void gleTextureMode (int mode);
bitwise OR of GLE texture mode flags
In addition to the default glTexGen modes that are supplied by OpenGL, the tubing library also contains some of its own automatic texture coordinate generation routines. In addition, user-defined texture coord generation routines can be supplied.
To use texture mapping with the extrusion library, one must remember to "do the obvious":
Enable texture mapping through OpenGL
Define and load (glTexImage2D/glBindTexture) a texture
If using the routine below, then disable glTexgGen
gleTextureMode can be used to set the type of automatic texture coordinate generation to be used. The argument should be a bitwise-OR of any of the following flags:
If this bit is set, then texturing is enabled. If this bit is NOT set, then automatic texture coordinate generation is disabled.
The way in which the automatic texture coordinate generation occurs is determined by one of the following flags. One and only one of these should be selected at a time. These tokens are enumerants, not bit-flags.
Uses the vertexes "x" coordinate as the texture "u" coordinate, and the accumulated segment length as the "v" coordinate.
Uses the normal vector's "x" coordinate as the texture "u" coordinate, and the accumulated segment length as the "v" coordinate.
Uses u = phi/(2*pi) = arctan (vy/vx)/(2*pi) as the texture "u" coordinate, and the accumulated segment length as the "v" coordinate. In the above equation, "vx" and "vy" stand for the vertex's x and y coordinates.
Uses u = phi/(2*pi) = arctan (ny/nx)/(2*pi) as the texture "u" coordinate, and the accumulated segment length as the "v" coordinate. In the above equation, "nx" and "ny" stand for the normal's x and y coordinates.
Uses u = phi/(2*pi) = arctan (vy/vx)/(2*pi) as the texture "u" coordinate, and v = theta/pi = (1.0 - arccos(vz))/pi as the texture "v" coordinate. In the above equation, "vx","vy" and "vz" stand for the vertex's x, y and z coordinates.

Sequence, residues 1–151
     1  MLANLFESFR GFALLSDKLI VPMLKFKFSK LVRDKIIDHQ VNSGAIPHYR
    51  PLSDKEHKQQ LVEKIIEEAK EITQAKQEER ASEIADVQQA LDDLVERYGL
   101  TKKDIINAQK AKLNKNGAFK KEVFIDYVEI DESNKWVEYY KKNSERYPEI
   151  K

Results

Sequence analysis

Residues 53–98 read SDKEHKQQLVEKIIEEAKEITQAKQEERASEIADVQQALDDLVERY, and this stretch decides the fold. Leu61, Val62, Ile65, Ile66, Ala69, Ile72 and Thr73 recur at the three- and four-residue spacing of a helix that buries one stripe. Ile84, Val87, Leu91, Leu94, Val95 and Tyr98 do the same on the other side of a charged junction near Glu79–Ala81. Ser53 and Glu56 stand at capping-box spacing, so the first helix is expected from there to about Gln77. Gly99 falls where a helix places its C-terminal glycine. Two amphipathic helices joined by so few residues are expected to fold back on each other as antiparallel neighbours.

Uses u = phi/(2*pi) = arctan (ny/nx)/(2*pi) as the texture "u" coordinate, and v = theta/pi = (1.0 - arccos(nz))/pi as the texture "v" coordinate. In the above equation, "nx","ny" and "nz" stand for the normal's x, y and z coordinates.
These define texture mapping modes that are very similar to those described above, except that the untransformed vertices and/or normals are used. As a result, textures tends to stick to the extrusion according to the extrusions local surface coordinates rather than according to real-space coordinates. This will in general provide the correct style of texture mapping when affine transforms are being applied to the contour, since the coordinates used are those prior to the affine transform.
To best understand how to use the above functions, it is best to understand how the tubing is actually drawn. Let us start by defining some terms. The tubing library "extrudes" a "contour" along a "path". The contour is a 2D polyline. The path is a 3D polyline. We use the word "segment" to refer to a straight-line segment of the path polyline. We also interchangeably use the word "segment" to stand for the section of the extrusion that lies along a path segment.